Delicensed projects buoy resale prices, volumes in core central region


SRX Property's resale price sub-index for non-landed private homes in Core Central Region (CCR) in May 2016 was up 4.7 per cent from a year ago.

Over the same period, its sub-index for the city fringe or Rest of Central Region (RCR) inched up 0.6 per cent while the sub-index for the suburbs or Outside Central Region (OCR) contracted 2.0 per cent.

The volume of monthly resale deals in CCR has also been rising steadily from 84 units in December 2015 to 88 units in January, 93 units in February, 133 units in March, 163 units in April and 232 units last month.

OrangeTee's senior manager for research and consultancy, Wong Xian Yang, said CCR resale volumes were uplifted in May partly due to developer sales at OUE Twin Peaks in the Grange Road/Leonie Hill Road area on the back of the introduction of two new payment schemes.

"Another project which may have contributed to resale volumes last month could have been Ardmore Three, which is offering 15 per cent discount and 15 per cent additional buyer's stamp duty rebate based on media reports," he added.

Urban Redevelopment Authority's definition of resales includes not only secondary market transactions in projects that are completed but also units sold by developers in projects that are delicensed.

A housing project may be declicensed if it has received Certificate of Statutory Completion, and where the individual strata titles have been issued to buyers.

With the phenomenon of developers of these recently completed projects launching fresh marketing campaigns and successfully moving units, the overall CCR resale volume has received a boost, noted Mr Wong.

He predicts the figure for the whole of this year to surpass that for last year.

Morever, an increase in such developer sales could also have an impact on price indices.

"These projects are relatively newer compared to the usual mix of resale transactions and could slightly uplift prices," Mr Wong argued.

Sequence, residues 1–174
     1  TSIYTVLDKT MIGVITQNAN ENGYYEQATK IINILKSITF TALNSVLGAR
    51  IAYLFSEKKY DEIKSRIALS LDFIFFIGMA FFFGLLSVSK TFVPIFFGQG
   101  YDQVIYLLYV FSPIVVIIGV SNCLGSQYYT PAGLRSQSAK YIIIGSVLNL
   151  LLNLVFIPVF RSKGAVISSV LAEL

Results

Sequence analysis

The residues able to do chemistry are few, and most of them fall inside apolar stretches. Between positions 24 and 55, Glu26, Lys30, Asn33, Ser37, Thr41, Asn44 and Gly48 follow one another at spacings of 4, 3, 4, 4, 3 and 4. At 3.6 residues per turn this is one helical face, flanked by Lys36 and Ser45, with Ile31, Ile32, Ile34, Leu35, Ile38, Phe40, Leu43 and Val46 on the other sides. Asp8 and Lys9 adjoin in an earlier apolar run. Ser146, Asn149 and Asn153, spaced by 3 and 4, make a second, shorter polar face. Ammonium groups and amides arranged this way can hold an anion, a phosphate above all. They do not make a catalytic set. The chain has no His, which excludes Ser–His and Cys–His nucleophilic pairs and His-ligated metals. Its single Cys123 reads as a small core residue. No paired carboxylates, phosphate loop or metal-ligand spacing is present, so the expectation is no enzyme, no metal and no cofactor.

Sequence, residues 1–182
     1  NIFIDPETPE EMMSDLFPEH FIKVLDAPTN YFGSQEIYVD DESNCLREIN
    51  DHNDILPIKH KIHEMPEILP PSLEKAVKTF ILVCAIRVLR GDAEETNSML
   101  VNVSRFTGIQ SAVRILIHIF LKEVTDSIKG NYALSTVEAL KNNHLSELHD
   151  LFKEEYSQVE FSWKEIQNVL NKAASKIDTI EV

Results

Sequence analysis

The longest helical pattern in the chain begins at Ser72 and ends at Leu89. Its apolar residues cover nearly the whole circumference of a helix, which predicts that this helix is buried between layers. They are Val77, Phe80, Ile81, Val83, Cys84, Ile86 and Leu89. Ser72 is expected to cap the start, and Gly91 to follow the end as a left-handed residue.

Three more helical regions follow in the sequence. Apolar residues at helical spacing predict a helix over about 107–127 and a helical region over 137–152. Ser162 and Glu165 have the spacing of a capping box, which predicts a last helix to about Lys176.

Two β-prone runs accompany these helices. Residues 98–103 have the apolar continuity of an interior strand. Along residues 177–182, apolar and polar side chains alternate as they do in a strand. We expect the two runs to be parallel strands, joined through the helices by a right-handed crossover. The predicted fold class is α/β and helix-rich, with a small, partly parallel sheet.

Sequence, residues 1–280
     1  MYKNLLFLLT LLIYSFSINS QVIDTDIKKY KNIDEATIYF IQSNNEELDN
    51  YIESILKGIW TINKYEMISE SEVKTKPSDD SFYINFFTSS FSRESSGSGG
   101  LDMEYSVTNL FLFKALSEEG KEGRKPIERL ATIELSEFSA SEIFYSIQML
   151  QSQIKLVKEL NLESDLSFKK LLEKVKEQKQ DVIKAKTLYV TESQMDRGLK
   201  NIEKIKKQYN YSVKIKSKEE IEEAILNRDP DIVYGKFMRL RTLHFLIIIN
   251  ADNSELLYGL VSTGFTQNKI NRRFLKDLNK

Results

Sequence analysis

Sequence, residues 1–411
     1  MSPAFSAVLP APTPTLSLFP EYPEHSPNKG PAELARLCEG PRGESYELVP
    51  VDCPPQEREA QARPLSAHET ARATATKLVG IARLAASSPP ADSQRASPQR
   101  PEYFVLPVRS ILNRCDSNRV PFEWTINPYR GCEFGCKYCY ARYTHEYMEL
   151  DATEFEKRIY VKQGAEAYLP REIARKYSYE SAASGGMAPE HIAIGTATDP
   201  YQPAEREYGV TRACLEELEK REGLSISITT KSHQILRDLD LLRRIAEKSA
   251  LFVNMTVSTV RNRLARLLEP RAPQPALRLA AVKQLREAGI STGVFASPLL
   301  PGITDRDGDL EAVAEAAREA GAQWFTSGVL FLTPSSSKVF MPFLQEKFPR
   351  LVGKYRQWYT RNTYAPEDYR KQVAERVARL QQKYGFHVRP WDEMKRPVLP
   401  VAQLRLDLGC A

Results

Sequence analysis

Developers of delicensed projects are no longer regulated by the Housing Developers (Control and Licensing) Act and its rules.

They are not required, for instance, to use the standard sale and purchase agreement stipulated by the Controller of Housing and may roll out novel schemes to market their projects.

Also, once a project is delicensed, its developer is no longer required to submit weekly sales data to URA (showing discounts and other incentives to reflect the net price).

Thereafter, information on the sales of such units is captured through caveats, where there is no requirement to list discounts/incentives and net price.

"In short, resale caveats from such developer sales may not fully reflect the discounts given; deferred payment and other schemes may also help support prices." This could be buoying the CCR price sub-index, he suggested.

Highlighting the bifurcation of the CCR market, Savills Singapore research head Alan Cheong said: "On the one hand, we have developers devoted to clearing the inventory from their recently completed projects and vested with big marketing budgets, these are expected to command premium prices and could see a price gain of at least 5 per cent for the whole of 2016.

"On the other hand, we have individuals selling their units as a pure secondary offering which, taking into account factors such as building obsolescence and a lack of bargaining power, may see prices either flat or exhibiting a slight downside of 3 per cent. Taken as a whole, resale prices in the CCR could be up around 3 per cent for full-year 2016."

Mr Cheong predicts that resale prices in RCR and OCR will generally be flat or ease by up to 3 per cent in 2016 as sellers will be dominated by individuals.

"Volume-wise, we expect the islandwide resale volume for non-landed private homes in 2016 to climb 20 per cent from last year, as value is emerging in this segment... buyers are returning cautiously rather than aggressively as the current spate of company restructurings is reigning in any outsized ambitions to take on too much debt."

SRX Property estimated that 840 non-landed private homes were resold islandwide last month.

This was up 35.7 per cent from the 619 units in April 2016 as well as 35.3 per cent more than the 621 units for May 2015.

SRX Property's overall resale price index for private apartments and condo units in Singapore rose 0.4 per cent in May 2016 over the previous month, based on its flash estimates for last month released on Tuesday.

This follows a revised 0.6 per cent month-on-month gain for April 2016 - which was slightly higher than the 0.5 per cent rise that SRX Property had indicated earlier based on its flash estimates for April.

The sub-index for CCR improved by 0.4 per cent month-on-month; over the same period, prices rose 0.3 per cent in RCR and 0.5 per cent in OCR.

Year on year, the May 2016 overall resale price index for non-landed private homes has inched up 0.2 per cent from May 2015.

This article was first published on June 15, 2016.
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